Monday, November 2, 2009

Basic Home Recording - Part II

Reaper is great and with ReWire capability - It is in effect compatible with Pro Tools. Among many of its cool features is VST plugin compatibility.

VSTs, unlike RTAS, are an open-platform. There are literally THOUSANDS of free plug ins. Many of which emulate classic hardware. And they do a pretty damn good job of it too.

Take a look at to get started. Search through their database - You need it, they probably have 5 or 6 free plugs that do it. I even use them in PT sometimes with the VST-RTAS Wrapper.

You should also consider where your drums are going to come from. Tedious MIDI sequencing is an option. Though not terribly conducive to the creative process. Drum loops always kinda suck because they are just that, loops. They tend to lock your brain into one creative path. I like to riff over a click track and then play drums over the riffs. KVR has several free drum sampler plugins that are similar to the original dfh Superior.

And of course as Prime mentioned - EZ Drummer is just that - EASY as hell to use and quite affordable. And you can use any GM drum file with it straight away.
Source : Prime/rob @ The Guitar Matrix -

Limiters, Compressors and CLIPPING - Watch those meters, if you are recording analog sources you've GOTTA have a solid hardware comp/limiter to tame that signal before it hits the AD converters. Just no way around it if you wanna beat the S-N ratio and get maximum level to 'tape', without clipping. This could be something as inexpensive as an Alesis 3630 with 2 simple mods that make it far better than stock, or a classic, indisputably perfect tool like Universal Audio/Teletronix 2-1176n. There are plenty of price points in between that sound amazing including the ART Pro VLA II at just $299 you get two channels of tube compression and limiting that sounds eerily similar to the 1176.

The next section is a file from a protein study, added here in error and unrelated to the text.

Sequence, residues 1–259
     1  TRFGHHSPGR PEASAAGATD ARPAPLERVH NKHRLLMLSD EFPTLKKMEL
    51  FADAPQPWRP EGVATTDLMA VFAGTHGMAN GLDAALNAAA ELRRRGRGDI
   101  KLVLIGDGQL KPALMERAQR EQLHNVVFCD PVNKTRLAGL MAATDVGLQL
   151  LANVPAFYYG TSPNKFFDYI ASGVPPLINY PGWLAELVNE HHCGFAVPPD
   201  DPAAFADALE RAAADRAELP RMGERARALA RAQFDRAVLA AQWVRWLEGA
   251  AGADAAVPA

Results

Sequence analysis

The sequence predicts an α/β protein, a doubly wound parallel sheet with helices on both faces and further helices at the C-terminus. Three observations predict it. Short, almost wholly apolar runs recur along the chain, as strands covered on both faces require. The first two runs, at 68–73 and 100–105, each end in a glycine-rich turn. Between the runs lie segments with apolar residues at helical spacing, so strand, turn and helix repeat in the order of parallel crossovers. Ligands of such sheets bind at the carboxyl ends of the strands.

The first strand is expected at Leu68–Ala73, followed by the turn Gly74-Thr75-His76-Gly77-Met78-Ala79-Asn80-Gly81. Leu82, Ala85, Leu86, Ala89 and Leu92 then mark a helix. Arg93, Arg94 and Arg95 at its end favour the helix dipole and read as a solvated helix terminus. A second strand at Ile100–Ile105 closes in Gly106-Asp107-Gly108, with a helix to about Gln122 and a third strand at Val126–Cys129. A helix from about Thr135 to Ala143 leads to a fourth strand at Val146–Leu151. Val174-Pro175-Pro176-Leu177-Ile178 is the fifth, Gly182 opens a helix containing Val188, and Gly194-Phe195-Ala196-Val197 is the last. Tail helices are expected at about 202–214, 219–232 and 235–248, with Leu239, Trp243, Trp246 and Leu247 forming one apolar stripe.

EQ : I'm going to say this is probably the most important. As always.... it's just my opinion. There are people better qualified to make such statements, but I'm entitled to my opinion and it's subject to change. LOL!

You should have an EQ plugin running on almost every track. Running an EQ plugin with a high pass filter at around 50hz alone would probably improve a lot of people's recordings. Most of the stuff below that is mostly mud. We'll talk more about this later....I'm sure.

Most DAW Recording Software will come with a VST EQ Plugin. IF you have nothing else....use it. Though as mentioned before, there are plenty of free plugins available. And of course, you can always buy them.

I like to have a Dynamic EQ with built in Spectrum analyzer. At this point, I'm recommending Voxengo Gliss EQ. Use whatever you like.

Voxengo Gliss EQ -

Compressor : This is the second most important as far as I'm concerned. You should probably be running some kind of compression on your Kick, Snare, and least. Once again, most recording software includes a compressor. This time I'm recommending a free VST compressor called BLOCKFISH. It's easy to use and works well.

BLOCKFISH (free VST Plugin) -

Volume Leveling : This one can help with your hihat, cymbals, overheads, and room, etc. in your drum mix. Recommending TLs-3127 for free.

TLs Volume Leveling (free VST Plugin) -

Antress ModernVLME (free VST Plugin) -

Guitar/Bass amp and cabinet modeling plugins (free VST Plugin - 1 yr.) (free VST Plugin) (free VST Plugin)

As I mention when talking about the UX2......

Those will allow you to shape your processed and/or unprocessed signal after you have recorded your tracks.

You could also plug your guitar directly into the sound card of your computer. Certainly, that's not the best option...but if you have nothing else it beats a blank. In Reaper you can monitor the processed signal as you're recording, though there will probably be some latency. That's where devices such as the UX2 come in handy. It has tone direct monitoring which allows you to hear exactly what is being recorded with virtually no latency.

Try this...In Reaper, right click the record arm button and choose 'monitor input'. Load your VST Plugins (Amp/Cab models) to that track . Plug your guitar directly into your sound card input. you can check out the plugins through your computer spkr.s/monitors and it has cost you absolutely nothing!!! I never use this method, but I did check to make sure that it works. Have fun!!!


Saturated Driver (free VST Plugin) -

Voxengo Tube Amp
(free VST plugin) -

Source : Prime/rob @ The Guitar Matrix -

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